- At this point, your the dialog should look mostly like this:
- Hit OK
- Hit Yes to start with an empty MHS file
- Add the peripherals to your project. XPS comes with a large number of pre-made cores including timers, rams, general purpose io (gpio) modules, serial controllers, and a host of other cores.
- Select Project->Add/Edit Cores... (dialog)
- Add cores and change their settings so you end up with a screen like the following: (pay careful attention to the memory addresses)
- Setup the bus connections. The XPS systems are all very bus-centric. This means that you have a number of cores that communicate with each other over busses. This project utilizes two types of busses: Local Memory Bus (LMB) and OPB On-chip Peripheral Bus (OPB).
- Select the Bus Connections tab
- Add 2 lmb_v10_v1_00_a busses, and rename them to i_lmb and d_lmb by right-clicking on the label and selecting rename instance. These are the lmb busses that will be the interfaces to the ram for instructions and data, respectively.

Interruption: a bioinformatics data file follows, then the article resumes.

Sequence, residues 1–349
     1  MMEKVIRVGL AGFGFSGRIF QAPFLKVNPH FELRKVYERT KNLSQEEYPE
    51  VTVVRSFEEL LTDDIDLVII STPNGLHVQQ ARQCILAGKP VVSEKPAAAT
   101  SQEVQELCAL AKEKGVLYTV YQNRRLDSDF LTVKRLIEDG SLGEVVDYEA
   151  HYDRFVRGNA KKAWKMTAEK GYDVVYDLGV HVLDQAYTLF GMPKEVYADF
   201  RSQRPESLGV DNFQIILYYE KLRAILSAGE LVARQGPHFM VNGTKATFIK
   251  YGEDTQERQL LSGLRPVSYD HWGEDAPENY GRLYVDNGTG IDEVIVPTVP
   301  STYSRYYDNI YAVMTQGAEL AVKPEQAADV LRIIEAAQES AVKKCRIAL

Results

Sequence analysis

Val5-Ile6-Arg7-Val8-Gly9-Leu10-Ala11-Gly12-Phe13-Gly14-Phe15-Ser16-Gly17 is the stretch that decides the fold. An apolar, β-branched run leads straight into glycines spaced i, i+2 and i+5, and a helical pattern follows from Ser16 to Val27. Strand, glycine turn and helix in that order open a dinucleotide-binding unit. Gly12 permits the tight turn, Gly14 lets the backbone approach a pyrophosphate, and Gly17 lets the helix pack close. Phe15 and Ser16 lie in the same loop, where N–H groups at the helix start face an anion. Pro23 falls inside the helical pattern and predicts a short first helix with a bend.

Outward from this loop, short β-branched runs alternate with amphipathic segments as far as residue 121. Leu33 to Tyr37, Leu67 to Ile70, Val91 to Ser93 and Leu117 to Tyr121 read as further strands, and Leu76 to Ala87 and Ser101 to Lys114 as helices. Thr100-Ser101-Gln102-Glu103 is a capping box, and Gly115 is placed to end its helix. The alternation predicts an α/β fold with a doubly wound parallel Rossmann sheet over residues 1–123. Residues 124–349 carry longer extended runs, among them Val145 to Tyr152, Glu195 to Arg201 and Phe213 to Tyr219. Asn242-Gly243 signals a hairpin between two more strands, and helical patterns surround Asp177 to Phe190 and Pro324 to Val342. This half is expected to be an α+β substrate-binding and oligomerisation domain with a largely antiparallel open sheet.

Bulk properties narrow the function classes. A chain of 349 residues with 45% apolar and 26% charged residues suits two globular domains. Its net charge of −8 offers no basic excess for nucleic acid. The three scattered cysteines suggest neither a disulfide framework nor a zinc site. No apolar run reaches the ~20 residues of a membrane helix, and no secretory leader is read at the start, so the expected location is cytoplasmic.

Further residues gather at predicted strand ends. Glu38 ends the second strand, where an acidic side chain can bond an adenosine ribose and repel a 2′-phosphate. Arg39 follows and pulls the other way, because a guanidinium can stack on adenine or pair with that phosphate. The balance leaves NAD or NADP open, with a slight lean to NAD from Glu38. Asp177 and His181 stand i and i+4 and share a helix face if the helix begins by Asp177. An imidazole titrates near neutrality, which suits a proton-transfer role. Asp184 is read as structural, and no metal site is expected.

- Add a opb_v20_v1_10_b bus, and rename it to the_opb.
- Now, click in the table to select the masters and slaves of the busses.
- You should now have a screen that looks like this:
- Setup the ports. These are the non-bus interfaces between components as well as nets (wires) that will be connected to physical pins on the device.
- Select the Ports tab.
- Add all the ports that end with Clk.
- Add all the ports that end with Rst.
- Add the port GPOI_IO from the the_gpio core. Make sure to change the range to [0:0] to say that there is only a single pin (for the LED).
- Rename the nets so that you have a screen that looks something like this: